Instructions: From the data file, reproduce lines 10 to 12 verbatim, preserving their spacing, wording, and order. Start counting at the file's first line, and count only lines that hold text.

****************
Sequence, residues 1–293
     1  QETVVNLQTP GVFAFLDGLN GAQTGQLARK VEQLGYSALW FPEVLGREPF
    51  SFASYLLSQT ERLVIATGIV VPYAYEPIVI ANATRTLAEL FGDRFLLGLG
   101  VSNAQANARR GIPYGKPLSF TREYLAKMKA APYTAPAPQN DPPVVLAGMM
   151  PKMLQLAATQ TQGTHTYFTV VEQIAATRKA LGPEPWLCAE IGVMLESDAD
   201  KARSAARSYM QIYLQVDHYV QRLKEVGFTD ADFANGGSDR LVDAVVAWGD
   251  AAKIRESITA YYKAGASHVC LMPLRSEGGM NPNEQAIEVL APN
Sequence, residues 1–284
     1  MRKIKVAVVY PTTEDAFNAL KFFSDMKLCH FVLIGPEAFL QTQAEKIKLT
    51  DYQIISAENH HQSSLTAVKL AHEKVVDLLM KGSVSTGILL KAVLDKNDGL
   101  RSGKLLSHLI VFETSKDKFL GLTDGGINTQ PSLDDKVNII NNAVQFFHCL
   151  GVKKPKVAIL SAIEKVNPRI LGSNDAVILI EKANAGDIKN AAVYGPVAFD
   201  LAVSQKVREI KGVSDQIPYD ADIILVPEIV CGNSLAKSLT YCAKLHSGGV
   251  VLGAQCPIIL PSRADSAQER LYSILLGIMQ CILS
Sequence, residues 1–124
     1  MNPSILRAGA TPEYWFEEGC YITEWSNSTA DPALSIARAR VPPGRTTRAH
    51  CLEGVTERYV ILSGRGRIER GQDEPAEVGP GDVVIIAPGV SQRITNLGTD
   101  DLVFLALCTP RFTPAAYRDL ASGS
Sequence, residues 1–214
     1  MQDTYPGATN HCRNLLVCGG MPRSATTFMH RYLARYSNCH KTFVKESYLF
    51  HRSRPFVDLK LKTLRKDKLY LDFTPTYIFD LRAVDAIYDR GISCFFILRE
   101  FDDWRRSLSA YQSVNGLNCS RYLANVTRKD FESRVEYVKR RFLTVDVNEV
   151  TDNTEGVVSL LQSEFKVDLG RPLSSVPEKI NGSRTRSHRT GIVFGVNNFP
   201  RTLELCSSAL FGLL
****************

    51  DYQIISAENH HQSSLTAVKL AHEKVVDLLM KGSVSTGILL KAVLDKNDGL
   101  RSGKLLSHLI VFETSKDKFL GLTDGGINTQ PSLDDKVNII NNAVQFFHCL
   151  GVKKPKVAIL SAIEKVNPRI LGSNDAVILI EKANAGDIKN AAVYGPVAFD